I've looked at/listened to newly-appointed U.S. Ambassador to Russia Michael McFaul's recent video presentation to the people of Russia. Based on my Foreign Service experience in Moscow as Cultural Affairs Officer (1998-2001), several aspects of the talk struck me.
First, the negative ones, from the perspective of U.S. public diplomacy with the Russian Federation, and especially its younger generation:
1. Repeated references to the Soviet Union (including showing a map of that former geographical expression), which collapsed some 20 years ago;
2. The fact that the Ambassador did not speak in Russian (as his predecessor did fluently on YouTube clips), except for a few words at the end of his remarks*;
3. The use of the word "help" (translated as pomogat' in the subtitle) in U.S. dealings with the Russian population. Of all things Russians dislike most about foreigners, it is condescension of any sort on their part;
4. No reference to high Russian culture, except for Tchaikovsky (to which the Ambassador refers in the same breath as he does to Russian hockey); no references, even indirect, to intellectuals who condemned the USSR.
5. Irritating, feel-good background music that could be straight out of a U.S. TV commercial for a penile dysfunction pill.
1. Mentioning a new visa agreement that will make it easier for Russians to visit the U.S.;
2. An effort to reach out to the Russian "provinces" by comparing them to the Ambassador's home state of Montana;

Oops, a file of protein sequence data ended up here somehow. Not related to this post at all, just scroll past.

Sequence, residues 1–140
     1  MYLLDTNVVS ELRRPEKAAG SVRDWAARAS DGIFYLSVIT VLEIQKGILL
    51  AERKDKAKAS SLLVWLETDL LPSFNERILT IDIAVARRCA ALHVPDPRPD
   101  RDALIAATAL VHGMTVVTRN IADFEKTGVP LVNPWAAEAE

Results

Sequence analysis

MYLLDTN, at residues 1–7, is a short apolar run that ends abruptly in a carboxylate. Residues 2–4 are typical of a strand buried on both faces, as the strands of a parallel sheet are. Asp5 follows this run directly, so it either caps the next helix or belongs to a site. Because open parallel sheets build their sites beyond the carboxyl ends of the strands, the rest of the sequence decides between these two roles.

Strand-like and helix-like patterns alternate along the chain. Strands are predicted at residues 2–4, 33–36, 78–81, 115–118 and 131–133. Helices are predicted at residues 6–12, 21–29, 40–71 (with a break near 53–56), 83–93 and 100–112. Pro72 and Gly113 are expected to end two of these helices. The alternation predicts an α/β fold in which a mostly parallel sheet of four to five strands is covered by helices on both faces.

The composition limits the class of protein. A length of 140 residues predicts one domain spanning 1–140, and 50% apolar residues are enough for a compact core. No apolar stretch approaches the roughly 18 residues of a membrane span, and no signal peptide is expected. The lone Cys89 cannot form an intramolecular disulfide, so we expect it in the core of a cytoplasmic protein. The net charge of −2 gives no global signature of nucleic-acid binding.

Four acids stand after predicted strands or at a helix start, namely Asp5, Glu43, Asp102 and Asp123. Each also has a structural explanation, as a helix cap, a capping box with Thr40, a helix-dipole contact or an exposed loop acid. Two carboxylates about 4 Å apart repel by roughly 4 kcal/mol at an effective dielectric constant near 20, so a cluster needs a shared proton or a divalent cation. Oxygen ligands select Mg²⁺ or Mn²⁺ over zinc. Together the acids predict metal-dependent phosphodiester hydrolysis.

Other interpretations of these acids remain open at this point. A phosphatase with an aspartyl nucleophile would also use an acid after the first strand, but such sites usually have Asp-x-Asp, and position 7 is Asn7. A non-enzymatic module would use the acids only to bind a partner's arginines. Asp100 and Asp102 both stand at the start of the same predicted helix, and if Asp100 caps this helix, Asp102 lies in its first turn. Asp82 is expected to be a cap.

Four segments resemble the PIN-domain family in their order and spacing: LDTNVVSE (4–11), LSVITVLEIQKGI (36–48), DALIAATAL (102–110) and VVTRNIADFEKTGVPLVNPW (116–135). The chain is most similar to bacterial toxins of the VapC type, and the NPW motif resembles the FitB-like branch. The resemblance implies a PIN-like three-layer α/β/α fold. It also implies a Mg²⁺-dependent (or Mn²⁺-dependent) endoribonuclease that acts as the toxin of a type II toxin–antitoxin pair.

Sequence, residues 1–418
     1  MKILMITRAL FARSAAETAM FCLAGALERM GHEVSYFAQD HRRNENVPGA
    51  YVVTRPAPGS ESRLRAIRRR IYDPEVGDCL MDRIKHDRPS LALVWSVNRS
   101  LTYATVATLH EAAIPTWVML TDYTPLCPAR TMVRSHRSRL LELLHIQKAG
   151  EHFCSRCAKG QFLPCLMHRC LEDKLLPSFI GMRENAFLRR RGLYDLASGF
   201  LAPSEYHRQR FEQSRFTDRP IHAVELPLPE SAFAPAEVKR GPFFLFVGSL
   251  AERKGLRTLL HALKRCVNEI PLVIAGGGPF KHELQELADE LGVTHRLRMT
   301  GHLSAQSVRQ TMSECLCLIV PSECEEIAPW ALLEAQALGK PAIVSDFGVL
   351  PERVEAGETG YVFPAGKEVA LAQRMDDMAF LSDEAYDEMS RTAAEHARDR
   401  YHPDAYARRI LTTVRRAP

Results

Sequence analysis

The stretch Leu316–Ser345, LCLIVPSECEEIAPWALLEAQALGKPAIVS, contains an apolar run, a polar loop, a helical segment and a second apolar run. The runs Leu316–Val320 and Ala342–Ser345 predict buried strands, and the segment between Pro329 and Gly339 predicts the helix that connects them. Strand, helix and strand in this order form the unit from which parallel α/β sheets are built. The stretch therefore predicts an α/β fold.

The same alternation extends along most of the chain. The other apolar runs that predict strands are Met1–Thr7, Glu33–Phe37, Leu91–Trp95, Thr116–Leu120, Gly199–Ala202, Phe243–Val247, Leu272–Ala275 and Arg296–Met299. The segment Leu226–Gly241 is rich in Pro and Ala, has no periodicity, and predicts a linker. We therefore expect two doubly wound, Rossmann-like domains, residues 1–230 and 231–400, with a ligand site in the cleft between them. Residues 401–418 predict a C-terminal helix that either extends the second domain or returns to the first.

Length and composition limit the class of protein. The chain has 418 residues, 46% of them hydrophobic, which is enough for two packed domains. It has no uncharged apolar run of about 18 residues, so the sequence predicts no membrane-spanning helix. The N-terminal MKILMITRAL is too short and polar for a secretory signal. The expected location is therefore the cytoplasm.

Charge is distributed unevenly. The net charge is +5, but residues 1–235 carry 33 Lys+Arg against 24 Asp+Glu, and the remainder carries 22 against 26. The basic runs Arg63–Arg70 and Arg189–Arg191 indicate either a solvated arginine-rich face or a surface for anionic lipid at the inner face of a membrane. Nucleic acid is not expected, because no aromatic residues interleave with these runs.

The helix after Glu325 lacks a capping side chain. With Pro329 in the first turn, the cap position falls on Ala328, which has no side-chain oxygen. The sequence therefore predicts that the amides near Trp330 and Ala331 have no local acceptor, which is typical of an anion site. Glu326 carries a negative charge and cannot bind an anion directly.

3. A "down-to-earth" approach that might appeal to the "muzhik" (regular guy) side in the character of many Russians;
4. Stress on people-to-people exchanges;
5. He did not go on for too long, as do so many Russian politicians.
The Ambassador was careful not to confront the Putin regime, except by stating that he would be in contact with "civil society activists," whom he un-diplomatically distinguished from "regular Russians."
Russian speakers/readers of the language might be struck, as I was, by the number of negative comments to the Ambassador's YouTube performance, which suggests that Russian anti-Americanism is indeed a factor to consider in the two countries' relations -- and that, on a more mundane level, Russians use the Internet as a way of "letting off steam." It is not out of the question that some of the comments were planted by Russian security services.
*However, it is better, in official remarks, for a foreigner to speak in his own language than address Russians in bad Russian, which will quickly turn off his audience. A few words indicating an appreciation of their language, yes; a long delivery full of grammatical and pronunciation errors, no. The Russians, though more tolerant of foreign accents than some other Europeans, are a bit like the French who cringe when they have to endure an American murdering their mother tongue by trying awkwardly to express himself in it, in his effort to show that he "understands" them. In contrast, we Americans, a nation of immigrants, tend not to be concerned with such linguistic niceties, even though there is a feeling in this country, not limited to Texas, that "English, if it was good enough for Jesus, it's good enough for me."
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